- Nationally, the highly contagious Delta Variant of Concern (VOC), accounts for the majority of recently reported cases, is associated with increased severity, and may reduce the effectiveness of vaccines
- Most reported cases, hospitalisations and deaths are occurring among unvaccinated people
- Virus spread in areas with low vaccination coverage presents an ongoing risk for emergence of and replacement by new VOCs, including a risk of VOCs with the ability to evade vaccine protection.
Regardless of which SARS-CoV-2 variant is predominating in an area, we know that vaccination, in combination with public health and individual measures, continue to work to reduce disease spread and severe outcomes. In particular, evidence continues to demonstrate that a complete two-dose series of Health-Canada approved COVID-19 vaccines provides substantial protection. Based on the latest data from 11 provinces and territories for the eligible population 12 years or older:
- from December 14, 2020 to August 7, 2021, 0.03% of fully vaccinated people became infected, with the majority of recent cases and hospitalizations occurring in unvaccinated or partially vaccinated people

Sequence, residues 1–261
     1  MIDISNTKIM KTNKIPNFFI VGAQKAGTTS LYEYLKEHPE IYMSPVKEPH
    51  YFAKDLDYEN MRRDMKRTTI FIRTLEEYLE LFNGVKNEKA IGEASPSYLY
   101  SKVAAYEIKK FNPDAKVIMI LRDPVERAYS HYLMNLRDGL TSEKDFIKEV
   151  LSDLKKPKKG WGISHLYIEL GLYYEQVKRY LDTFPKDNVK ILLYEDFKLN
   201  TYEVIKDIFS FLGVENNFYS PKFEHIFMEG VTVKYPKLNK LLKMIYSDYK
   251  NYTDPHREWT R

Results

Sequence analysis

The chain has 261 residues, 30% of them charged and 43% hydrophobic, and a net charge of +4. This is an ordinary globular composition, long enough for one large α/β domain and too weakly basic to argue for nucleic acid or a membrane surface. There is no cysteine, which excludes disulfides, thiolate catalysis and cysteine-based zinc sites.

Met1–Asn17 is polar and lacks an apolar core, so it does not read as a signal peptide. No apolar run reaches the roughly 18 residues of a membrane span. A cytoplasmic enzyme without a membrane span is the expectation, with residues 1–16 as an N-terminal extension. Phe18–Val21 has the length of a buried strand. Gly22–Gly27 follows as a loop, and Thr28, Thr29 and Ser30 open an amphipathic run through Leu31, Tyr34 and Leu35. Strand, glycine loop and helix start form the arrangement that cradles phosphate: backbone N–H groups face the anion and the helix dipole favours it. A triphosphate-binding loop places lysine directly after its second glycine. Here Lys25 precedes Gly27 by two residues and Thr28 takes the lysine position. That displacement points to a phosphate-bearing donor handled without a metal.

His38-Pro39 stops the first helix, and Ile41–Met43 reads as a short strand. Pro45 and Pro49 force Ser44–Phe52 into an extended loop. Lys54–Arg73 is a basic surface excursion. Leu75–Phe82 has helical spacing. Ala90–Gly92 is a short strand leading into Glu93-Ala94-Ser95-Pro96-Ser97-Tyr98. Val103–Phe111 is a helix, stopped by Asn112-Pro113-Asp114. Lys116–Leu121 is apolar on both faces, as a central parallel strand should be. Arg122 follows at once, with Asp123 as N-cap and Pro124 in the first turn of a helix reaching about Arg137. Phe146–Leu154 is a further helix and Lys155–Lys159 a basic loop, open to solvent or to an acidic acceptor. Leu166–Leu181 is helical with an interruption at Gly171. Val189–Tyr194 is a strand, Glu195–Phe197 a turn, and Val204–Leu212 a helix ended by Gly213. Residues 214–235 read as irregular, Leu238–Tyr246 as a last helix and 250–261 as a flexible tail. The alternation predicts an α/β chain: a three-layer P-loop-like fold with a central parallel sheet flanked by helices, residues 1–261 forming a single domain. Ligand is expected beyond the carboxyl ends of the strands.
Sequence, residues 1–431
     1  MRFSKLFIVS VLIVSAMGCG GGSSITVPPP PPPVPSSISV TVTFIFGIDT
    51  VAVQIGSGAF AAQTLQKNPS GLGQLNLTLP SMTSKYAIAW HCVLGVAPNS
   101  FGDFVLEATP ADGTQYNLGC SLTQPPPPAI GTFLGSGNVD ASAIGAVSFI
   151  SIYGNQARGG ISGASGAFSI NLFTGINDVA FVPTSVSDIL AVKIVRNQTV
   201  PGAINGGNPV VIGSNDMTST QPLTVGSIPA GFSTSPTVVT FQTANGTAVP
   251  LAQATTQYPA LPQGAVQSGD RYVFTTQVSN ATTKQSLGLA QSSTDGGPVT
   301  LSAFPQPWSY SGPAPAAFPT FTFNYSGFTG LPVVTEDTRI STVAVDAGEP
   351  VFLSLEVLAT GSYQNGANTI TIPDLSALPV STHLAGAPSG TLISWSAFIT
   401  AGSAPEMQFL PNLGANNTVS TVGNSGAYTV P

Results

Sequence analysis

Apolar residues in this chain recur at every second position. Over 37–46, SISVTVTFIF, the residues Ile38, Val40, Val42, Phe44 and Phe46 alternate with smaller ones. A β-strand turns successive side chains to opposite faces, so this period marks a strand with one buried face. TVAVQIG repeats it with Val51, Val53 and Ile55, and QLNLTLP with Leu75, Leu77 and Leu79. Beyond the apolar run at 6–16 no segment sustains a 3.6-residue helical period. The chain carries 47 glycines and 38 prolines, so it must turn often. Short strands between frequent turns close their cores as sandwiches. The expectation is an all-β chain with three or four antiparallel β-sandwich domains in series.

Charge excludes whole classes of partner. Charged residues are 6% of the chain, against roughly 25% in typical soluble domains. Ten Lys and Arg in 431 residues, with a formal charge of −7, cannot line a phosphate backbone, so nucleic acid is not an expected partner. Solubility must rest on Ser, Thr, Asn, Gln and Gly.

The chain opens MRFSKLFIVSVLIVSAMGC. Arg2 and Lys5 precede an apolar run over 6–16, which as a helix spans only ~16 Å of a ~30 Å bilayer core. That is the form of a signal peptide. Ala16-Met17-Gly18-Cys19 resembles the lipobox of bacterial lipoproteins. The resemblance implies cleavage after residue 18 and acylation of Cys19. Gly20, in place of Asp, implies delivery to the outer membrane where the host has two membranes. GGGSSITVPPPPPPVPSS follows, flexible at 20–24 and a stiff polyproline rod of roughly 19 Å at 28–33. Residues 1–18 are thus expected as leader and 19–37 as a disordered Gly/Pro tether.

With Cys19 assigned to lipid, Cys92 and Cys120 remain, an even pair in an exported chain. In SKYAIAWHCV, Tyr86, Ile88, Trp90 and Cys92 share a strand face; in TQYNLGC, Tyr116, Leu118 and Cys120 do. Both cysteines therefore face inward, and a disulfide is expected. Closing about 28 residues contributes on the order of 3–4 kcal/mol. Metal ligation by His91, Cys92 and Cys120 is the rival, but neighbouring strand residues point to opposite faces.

- each week for the period July 11 – Aug 7, on average:
- the rate of new COVID-19 cases among unvaccinated individuals was 11 times higher than in fully vaccinated individuals.
- the rate of COVID-19 hospitalized cases among unvaccinated individuals was 30 times higher than in fully vaccinated individuals.
As of August 26, provinces and territories have administered over 52 million doses of COVID-19 vaccines, with the latest provincial and territorial data indicating that over 83% of people aged 12 years or older have received at least one dose of COVID-19 vaccine and over 75% are now fully vaccinated. Age-specific vaccine coverage data, as of August 21, show that from 73% to 96% of people in the eligible age groupings have received at least one dose and from 60% to 93% are fully vaccinated. As we head into the fall, it is a crucial time to increase vaccination coverage. With the highly transmissible Delta VOC predominating in this wave, we must strive to have as many eligible people as possible fully vaccinated to protect ourselves and others, including those who may not mount a strong immune response or who cannot get vaccinated.